Voters Are Useful Idiots for Power Hungry Political Parties
By Shankkar Aiyar | Published: 02nd February 2014 06:00 AM |
This Thursday was an eloquent testament to why India is where it is!
The UPA regime, on Thursday, arrived at a new formula for combating inflation fuelled by populism. It is quite simple: increase subsidies. It calculated the price of a middle-class vote to be one-cylinder-per-month and declared that every family would get 12 LPG cylinders at a subsidised price per year. It didn’t matter that the economist Prime Minister had told Indians—barely 16 months ago—that subsidies need to be capped and that “money does not grow on trees”. In January 2014, the UPA seems to have achieved a fundamental breakthrough in political-botany. Money, it seems, can be grown on trees if it is the poll season where votes have to be irrigated.
On Thursday, irony died many deaths as cause arrived alongside consequence. The government informed India that GDP growth last year (2012-13) was not 5 per cent but lower, at 4.5 per cent. Also, while the bluster may be about making India a “manufacturing super-house” the harsh truth is that industry/manufacturing/mining grew at the slowest in 20 years. Instead of growing, the share of manufacturing in GDP is in fact shrinking. Growth in the services sector is down to 7 per cent and the once-booming double-digit-growth sector seems to be fuelled in part by the loans “roll-over-coaster” in the financial sector. The persistent slowdown in the economy over 10 quarters is most visible on vacant billboards, slowing sales and deep discounts on most manufactured goods.
In the scheme of the Congress, what was wrong in September 2012 can be certified as right, nay correct, in January 2014. It didn’t matter that its definition of poor eligible for entitlement—in this case, fuel subsidies—now covered 97 per cent of the population. It didn’t matter that three of four rural households depend on firewood and chips for cooking, that over 650 million people do not use petro fuels and that the expansion of subsidy had no merit. It didn’t seem to matter to the government or party that the bulk of the people who this government claims to represent politically will not benefit from this move.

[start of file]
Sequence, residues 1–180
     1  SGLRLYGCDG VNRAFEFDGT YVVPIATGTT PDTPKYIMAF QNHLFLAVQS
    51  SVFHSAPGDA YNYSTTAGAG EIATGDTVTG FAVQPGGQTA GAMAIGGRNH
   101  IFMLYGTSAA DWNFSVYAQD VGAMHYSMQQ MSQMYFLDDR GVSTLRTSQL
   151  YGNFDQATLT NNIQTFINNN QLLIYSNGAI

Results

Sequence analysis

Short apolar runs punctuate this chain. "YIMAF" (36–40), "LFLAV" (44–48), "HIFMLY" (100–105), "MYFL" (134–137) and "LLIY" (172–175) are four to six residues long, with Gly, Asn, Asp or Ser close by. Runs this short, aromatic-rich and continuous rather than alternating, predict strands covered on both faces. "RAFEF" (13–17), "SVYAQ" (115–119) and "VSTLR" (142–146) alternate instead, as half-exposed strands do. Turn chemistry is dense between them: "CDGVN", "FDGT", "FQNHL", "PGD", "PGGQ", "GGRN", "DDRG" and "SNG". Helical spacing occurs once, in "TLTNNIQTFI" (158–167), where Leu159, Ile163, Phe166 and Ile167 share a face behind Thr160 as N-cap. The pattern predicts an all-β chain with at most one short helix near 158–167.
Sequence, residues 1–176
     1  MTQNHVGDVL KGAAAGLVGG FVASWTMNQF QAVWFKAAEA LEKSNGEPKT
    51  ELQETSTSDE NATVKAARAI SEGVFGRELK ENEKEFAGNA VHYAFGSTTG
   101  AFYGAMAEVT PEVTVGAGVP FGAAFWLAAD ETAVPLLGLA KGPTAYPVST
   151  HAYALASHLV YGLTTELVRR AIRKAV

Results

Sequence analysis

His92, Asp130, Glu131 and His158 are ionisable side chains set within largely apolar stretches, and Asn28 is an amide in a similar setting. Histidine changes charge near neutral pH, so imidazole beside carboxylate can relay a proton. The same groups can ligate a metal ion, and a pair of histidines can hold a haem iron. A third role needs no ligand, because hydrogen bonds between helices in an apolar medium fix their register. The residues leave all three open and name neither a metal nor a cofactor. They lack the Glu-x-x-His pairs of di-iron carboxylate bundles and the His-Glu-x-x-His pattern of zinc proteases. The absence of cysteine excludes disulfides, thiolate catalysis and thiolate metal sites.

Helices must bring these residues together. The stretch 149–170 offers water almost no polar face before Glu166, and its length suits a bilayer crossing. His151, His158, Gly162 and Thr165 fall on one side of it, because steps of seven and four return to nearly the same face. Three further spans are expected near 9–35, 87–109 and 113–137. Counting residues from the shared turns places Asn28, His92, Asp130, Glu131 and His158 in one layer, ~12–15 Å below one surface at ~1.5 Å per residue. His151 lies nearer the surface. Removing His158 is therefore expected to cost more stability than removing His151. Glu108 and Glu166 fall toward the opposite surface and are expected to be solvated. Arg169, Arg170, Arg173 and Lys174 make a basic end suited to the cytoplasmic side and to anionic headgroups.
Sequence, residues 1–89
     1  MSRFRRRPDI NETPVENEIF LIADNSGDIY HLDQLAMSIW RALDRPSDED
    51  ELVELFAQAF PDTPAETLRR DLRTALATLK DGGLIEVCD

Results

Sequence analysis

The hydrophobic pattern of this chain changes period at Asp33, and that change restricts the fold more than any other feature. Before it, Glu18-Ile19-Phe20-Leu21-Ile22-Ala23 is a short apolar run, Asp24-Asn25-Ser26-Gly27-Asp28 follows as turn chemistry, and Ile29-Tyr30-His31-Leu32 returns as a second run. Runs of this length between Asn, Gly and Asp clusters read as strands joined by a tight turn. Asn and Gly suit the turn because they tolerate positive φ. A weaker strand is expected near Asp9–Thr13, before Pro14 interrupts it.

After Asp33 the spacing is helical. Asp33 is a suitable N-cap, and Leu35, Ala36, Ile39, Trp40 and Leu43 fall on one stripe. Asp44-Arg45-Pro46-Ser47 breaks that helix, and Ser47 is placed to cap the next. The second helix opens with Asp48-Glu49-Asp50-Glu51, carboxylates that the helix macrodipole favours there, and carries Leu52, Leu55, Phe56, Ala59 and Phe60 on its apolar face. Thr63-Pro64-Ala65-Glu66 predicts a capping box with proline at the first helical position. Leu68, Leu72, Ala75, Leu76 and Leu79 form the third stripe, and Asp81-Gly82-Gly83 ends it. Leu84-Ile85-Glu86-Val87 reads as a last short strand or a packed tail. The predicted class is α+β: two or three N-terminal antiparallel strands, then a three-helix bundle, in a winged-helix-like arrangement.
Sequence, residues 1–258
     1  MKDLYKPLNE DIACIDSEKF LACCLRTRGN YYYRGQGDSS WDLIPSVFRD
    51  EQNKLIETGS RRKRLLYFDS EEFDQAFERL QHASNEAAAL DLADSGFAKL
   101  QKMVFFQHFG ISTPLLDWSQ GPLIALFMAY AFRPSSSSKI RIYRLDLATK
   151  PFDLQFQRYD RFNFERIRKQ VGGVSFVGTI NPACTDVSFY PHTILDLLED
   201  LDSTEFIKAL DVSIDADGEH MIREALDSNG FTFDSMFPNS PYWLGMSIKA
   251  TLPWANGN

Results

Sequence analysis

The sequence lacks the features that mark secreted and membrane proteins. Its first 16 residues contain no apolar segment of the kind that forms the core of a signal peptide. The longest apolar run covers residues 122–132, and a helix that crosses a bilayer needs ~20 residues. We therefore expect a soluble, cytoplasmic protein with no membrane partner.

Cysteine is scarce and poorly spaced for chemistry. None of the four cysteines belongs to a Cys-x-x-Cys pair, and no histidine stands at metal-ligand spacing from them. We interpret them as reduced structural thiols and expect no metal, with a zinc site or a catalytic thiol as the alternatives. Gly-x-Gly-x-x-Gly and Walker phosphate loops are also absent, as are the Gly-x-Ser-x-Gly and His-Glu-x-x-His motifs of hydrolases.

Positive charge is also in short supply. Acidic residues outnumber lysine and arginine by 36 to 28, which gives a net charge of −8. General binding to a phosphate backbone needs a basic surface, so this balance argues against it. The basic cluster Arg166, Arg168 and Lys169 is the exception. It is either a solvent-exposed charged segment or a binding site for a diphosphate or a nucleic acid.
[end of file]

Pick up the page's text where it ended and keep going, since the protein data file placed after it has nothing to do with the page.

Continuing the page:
It doesn’t matter to the UPA regime that under its watch, subsidies—and these are declared subsidies—have shot up from `45,000 crore in 2004-05 to over `2.5 lakh crore. It doesn’t care that enlargement of subsidy would lead to expansion of deficits and further fuel inflation. It doesn’t matter that government borrowings have grown eight times in 10 years. Consider the magnitude of populism unleashed by the regime. Take the expenditure on MGNREGS, the 2008 loan-waiver, the new FSB and subsidies to understand why this government has to borrow even to pay interest on its borrowings and why despite many promises and many rate hikes, consumer price inflation is hugging the double-digit mark.
Typically the Congress has deployed one wrong to defend another. Its spokespersons have taken to citing numbers from the revenue foregone charts in the budget. The argument: if the corporates are given incentives, why deny the poor subsidies. First, many of those exemptions benefit individuals, salaried persons and price protection to critical consumption goods. Second, two wrongs don’t make a right. There is a case for ending or at least trimming exemption raj, connect it with job creation. There is also a case for taxing high rollers more efficiently—long-term capital gains tax on incomes of, say, over `100 crore, tax on asset transfers during succession, wealth tax on the Indian dollar billionaires who cumulatively own over $300 billion in wealth. The Congress-led UPA didn’t address it. But that is no justification for nationalising party costs for political profits.
A high-growth, low-inflation economy has been reduced to a high-inflation, low-growth economy. It doesn’t seem to matter that growth is already threatened by inflation and worries about job creation have given way to anxiety about job losses. This government came to power promising inclusion. It has also invoked the thesis of demographic dividend as a magic mantra through its 10-year tenure. Consider these facts:
● 13.3 per cent of the youth between the ages of 15 and 29 are unemployed (usual principal status);
● One in three persons holding a degree in graduation and above is unemployed (15-29 years);
● Over 26 per cent of graduates in urban India are unemployed;
● 36.6 per cent of graduates in rural India are unemployed;
● And for a government that has cooed and crowed about rural development, unemployment is at its highest ever in rural India.
Thanks to longer delays in getting jobs, over-skilling and over-education now co-exist with under-education and under-skilling. The Report on Youth Employment and Unemployment Scenario (2012-13) by the Ministry of Labour is a shocking reality check for those pinning their hopes on “demographic dividend”.
The tragedy is that there is no real constituency in India’s political landscape for reforms—for empowerment economics as against the epidemic of entitlement economics. Neither of the two national parties is embarrassed about crony socialism. And thanks to the rise of lollipop politics—look at the race for cutting power tariff—worse will follow.
Like it or not, political parties see voters only as useful idiots in their perennial quest for power.
Shankkar Aiyar is the author of Accidental India: A History of the Nation’s Passage through Crisis and Change